I pulled the original CircleMUD out of its archive, and for many weeks during the summer of 1993, devoted almost all of my spare time to modernizing and improving Circle. I infused Circle with much of the Diku code I'd written while working for JediMUD, in addition to dozens of other new features and optimizations.
CircleMUD 2.0 , the first public release of Circle, was quickly becoming a reality. Circle 2.0 was specifically written to be very small and efficient -- indeed, the basic system used only about 2 megabytes of memory (an unprecedented amount at the time -- most MUDs of its size used 6, 8, or even 10 megs.) Circle 2.0 was specifically designed to be flexible, easy to expand, and easy to debug -- a starting point upon which other MUD implementors could easily turn their dreams of what a MUD should look like into reality.
Since Circle v2.00, many new features have been added; much of the code has been revised or completely rewritten to be smaller, easier to understand and modify, more efficient, and more functional. The most current version is v2.20; the release of CircleMUD 3.0, eagerly awaited by much of the Circle and Diku communities, is scheduled for release later in 1996.
Since its original release, the various releases of CircleMUD have been downloaded tens of thousands of times from its official FTP archive by users from every corner of the United States and from over 65 foreign countries. It has also been downloaded an unknown number of times from dozens of other FTP sites in the U.S. and abroad which started carrying it (most of them through Linux mirroring). A CircleMUD mailing list, with a readership of about 350 people in May of 1996, was established for users of Circle to discuss their experiences, toss around ideas, exchange code, and propose new directions for future versions of Circle.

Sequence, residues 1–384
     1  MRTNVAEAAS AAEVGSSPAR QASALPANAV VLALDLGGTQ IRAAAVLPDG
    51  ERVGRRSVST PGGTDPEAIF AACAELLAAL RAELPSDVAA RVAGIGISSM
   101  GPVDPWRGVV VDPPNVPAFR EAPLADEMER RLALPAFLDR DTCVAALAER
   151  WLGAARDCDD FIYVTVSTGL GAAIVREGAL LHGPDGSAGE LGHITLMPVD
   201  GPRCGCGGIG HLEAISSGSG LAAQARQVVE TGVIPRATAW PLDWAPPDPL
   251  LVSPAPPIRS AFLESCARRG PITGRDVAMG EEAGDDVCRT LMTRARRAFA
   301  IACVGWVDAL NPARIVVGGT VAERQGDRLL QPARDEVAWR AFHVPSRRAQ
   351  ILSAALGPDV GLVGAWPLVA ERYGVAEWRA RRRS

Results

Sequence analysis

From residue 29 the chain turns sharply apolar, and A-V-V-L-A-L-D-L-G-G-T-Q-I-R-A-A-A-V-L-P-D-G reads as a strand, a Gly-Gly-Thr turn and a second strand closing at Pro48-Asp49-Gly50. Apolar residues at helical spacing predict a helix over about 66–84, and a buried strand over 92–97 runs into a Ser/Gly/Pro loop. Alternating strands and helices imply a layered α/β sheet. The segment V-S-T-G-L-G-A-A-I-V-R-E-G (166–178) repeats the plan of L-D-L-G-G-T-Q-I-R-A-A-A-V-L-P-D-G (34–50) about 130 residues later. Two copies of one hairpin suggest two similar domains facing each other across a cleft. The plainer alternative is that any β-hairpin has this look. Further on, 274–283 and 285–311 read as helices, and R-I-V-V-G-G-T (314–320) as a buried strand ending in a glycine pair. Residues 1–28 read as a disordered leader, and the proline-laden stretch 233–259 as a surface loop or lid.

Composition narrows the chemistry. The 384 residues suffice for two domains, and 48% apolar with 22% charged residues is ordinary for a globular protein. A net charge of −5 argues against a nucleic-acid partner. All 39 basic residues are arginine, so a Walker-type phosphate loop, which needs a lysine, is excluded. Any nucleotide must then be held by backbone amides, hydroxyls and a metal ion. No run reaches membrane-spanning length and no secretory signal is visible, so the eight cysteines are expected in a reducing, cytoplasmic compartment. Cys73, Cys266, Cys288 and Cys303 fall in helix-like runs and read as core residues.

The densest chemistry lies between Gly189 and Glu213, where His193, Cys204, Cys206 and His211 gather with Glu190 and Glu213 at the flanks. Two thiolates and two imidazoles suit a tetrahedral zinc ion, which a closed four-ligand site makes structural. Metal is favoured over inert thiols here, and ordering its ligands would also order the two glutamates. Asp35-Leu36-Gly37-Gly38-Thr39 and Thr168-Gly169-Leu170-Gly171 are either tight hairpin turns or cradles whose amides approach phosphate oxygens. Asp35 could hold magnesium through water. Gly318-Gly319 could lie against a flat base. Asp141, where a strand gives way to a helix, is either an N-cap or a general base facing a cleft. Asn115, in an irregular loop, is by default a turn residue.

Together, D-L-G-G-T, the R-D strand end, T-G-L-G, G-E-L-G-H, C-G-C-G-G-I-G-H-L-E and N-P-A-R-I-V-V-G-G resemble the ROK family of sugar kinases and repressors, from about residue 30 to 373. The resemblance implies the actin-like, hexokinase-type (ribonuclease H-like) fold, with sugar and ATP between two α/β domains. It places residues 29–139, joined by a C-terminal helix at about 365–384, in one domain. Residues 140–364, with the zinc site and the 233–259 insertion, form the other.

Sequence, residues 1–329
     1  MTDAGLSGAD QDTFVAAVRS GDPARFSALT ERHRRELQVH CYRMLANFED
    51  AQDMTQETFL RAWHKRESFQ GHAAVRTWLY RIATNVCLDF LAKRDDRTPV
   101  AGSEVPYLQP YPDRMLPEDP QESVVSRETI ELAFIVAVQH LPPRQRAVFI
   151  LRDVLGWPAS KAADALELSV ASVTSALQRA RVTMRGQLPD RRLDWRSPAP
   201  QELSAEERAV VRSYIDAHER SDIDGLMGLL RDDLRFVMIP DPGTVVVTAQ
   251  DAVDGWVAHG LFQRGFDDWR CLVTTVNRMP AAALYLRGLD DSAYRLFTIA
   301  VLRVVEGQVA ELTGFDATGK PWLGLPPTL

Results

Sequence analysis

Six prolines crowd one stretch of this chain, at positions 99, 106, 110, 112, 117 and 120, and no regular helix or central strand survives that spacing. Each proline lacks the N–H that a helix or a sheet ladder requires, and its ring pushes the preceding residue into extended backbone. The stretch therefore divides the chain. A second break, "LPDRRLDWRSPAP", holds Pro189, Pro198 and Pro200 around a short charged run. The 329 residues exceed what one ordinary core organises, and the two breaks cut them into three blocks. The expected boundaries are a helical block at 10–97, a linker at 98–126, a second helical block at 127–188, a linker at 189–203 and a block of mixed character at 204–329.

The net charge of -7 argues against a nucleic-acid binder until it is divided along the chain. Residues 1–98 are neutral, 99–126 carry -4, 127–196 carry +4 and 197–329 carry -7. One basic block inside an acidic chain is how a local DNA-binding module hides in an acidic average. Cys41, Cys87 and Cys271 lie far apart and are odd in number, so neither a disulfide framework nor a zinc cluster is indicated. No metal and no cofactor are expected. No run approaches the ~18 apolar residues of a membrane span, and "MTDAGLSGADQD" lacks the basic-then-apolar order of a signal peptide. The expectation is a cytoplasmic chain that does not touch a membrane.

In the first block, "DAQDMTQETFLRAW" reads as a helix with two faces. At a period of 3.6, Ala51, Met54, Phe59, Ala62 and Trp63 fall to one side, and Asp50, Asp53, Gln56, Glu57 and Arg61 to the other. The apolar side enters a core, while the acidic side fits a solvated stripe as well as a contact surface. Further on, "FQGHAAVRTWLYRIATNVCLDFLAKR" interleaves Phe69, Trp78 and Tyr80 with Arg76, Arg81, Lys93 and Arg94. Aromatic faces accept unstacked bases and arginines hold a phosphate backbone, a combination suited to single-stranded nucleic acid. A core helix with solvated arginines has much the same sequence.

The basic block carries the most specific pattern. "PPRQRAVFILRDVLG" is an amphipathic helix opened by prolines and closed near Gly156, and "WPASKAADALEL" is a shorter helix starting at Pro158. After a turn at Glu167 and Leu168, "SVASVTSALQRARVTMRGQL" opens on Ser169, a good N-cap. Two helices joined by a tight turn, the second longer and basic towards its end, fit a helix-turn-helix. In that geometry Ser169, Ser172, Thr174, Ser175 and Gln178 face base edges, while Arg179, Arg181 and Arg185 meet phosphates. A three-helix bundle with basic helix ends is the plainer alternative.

Circle was designed to be highly portable on as many Unix systems as possible; it is known to run under Ultrix, SunOS, Solaris, IRIX, AIX, Linux, HP/UX, ConvexOS, and other versions of Unix using the GNU autoconf package. Using the WinSock API, it is even possible to compile and run CircleMUD under Windows 95 and Windows NT! In addition, CircleMUD users have also ported Circle to the Amiga and OS/2.
Hundreds of MUDs around the world are based on CircleMUD. New Circle-based MUDs pop up almost every day, and I've recieved thousands of pieces of mail from thrilled users who love the code. Some use it to run huge MUDs intended to attract an international audience; others just use it to hack on at home and maybe share with their friends or schoolmates. It makes me very happy to know that I've contributed to the total amount of coolness inherent to the Universe, even if CircleMUD really is a small contribution in the grand scheme of things.